Parish Nurse Corner-October: Medication Adherence

 

I Samuel 14: 24b—“Cursed is the man who eats any food until evening, before I have taken vengeance on my enemies.  So none of these people tasted food.”

Heartburn

Everyone gets an upset stomach occasionally.  But when your heartburn never seems to go away, it might be time to pay a visit to your healthcare provider.  Heartburn or Heart Attack??  Heart attack symptoms can sometimes be mistaken for heartburn, so get immediate medical care if you have severe chest pain or pressure; pain in the arm, jaw, or back; difficulty breathing; cold sweat; fatigue; lightheadedness or dizziness.

 

Despite its name, heartburn has nothing to do with your heart.  The burning sensation in your stomach and/or throat can happen when acid from your stomach backs up into your esophagus because the band of muscle at the bottom of your esophagus isn’t working correctly to keep out the acid, creating acid reflux, also known as GERD (gastroesophageal reflux disease).  The result is a burning chest pain, usually after eating or at night, that gets worse when you lie down or bend over.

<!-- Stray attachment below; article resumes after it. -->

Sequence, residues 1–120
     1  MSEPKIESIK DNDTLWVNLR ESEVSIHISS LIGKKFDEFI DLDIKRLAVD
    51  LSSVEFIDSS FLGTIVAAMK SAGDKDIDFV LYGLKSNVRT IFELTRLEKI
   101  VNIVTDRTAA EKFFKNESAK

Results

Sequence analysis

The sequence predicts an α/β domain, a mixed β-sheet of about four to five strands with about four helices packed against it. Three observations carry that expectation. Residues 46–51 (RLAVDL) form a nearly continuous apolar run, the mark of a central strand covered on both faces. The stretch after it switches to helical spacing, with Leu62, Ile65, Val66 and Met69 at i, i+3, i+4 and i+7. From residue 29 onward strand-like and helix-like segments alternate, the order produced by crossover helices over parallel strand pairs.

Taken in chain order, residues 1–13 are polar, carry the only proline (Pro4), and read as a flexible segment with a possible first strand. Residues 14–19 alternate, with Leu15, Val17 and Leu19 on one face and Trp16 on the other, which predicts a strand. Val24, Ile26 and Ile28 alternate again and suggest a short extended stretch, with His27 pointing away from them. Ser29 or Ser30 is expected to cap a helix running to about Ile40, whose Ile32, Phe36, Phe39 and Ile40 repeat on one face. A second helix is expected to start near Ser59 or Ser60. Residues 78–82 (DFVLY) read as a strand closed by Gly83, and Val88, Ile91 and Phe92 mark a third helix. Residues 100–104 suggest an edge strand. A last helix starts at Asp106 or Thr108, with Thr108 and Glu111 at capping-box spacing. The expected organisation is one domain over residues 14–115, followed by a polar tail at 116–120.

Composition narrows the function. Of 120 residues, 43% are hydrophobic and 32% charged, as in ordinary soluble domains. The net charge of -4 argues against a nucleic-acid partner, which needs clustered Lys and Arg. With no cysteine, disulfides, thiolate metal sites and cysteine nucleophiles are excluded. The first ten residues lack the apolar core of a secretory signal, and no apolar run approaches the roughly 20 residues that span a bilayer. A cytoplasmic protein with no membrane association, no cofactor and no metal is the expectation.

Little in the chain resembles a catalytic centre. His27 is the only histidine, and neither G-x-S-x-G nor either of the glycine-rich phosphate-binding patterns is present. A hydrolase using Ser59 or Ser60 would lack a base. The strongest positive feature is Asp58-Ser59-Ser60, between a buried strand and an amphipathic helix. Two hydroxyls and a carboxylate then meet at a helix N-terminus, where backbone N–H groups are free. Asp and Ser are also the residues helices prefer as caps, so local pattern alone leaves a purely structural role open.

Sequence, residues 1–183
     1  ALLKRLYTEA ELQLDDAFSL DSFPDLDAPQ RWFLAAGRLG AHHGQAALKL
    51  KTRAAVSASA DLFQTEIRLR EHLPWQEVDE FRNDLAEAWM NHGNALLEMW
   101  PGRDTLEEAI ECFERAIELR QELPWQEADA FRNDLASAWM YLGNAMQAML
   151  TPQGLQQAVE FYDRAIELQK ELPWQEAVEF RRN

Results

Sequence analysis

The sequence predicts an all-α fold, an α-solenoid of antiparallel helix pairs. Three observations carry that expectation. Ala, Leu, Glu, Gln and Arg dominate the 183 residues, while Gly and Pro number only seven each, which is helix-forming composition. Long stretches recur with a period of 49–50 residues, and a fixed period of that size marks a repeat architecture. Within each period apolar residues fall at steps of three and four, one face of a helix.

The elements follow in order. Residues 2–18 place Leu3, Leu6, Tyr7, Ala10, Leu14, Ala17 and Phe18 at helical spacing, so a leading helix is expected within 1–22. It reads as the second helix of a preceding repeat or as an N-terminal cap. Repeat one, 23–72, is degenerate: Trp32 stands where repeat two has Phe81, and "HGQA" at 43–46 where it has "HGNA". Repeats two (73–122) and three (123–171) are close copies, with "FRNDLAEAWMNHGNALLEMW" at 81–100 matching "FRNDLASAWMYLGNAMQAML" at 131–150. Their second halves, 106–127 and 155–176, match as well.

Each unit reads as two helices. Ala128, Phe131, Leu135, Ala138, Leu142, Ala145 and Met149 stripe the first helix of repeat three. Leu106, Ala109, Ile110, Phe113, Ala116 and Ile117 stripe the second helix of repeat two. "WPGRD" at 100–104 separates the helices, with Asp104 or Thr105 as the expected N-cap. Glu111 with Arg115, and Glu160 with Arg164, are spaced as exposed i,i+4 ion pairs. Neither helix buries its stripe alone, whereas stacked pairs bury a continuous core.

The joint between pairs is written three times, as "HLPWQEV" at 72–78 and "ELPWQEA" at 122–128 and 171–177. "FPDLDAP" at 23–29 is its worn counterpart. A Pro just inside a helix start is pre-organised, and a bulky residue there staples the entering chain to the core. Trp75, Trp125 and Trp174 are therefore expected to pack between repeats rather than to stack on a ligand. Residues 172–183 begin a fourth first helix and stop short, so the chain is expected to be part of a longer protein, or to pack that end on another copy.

Treating heartburn at home may be okay if you don’t have risk factors for cardiac disease, and the heartburn is only occasional and depends on what you ate.  However, any kind of heartburn that’s persistent for more than a few weeks and is new for you is a reason to call your doctor.  It’s important to be seen by a doctor at least once because heartburn can be associated with damage to the esophagus or precancerous changes in the body.  Also, if your heartburn is persistent and you are losing weight, or having difficulty swallowing, or you are reaching for more and more antacid medications, it’s imperative to see your doctor.

 

Your doctor may recommend an X-ray, endoscopy, or other medical tests to determine the exact cause of your symptoms.  Beyond GERD, your heartburn could be caused by pancreatitis, gall bladder disease, ulcers, etc.  To treat GERD, you’ll likely start with medication—either over the counter or prescription—along with lifestyle changes.  Cutting back on fatty foods and big meals, not eating more than three hours before bedtime, and not smoking may be helpful.

 

Surgery or endoscopic treatments are options for GERD when trying medications and lifestyle changes fail, but they aren’t as commonly used.  If you can manage this with diet and lifestyle changes, that’s the best way to go.  Many people can improve their symptoms with just these simple changes.

 

Here are some heartburn triggers:  chocolate, peppermint, alcohol, carbonated beverages, coffee and other caffeinated drinks, spicy foods, onions, citrus fruits, tomato products, fatty foods,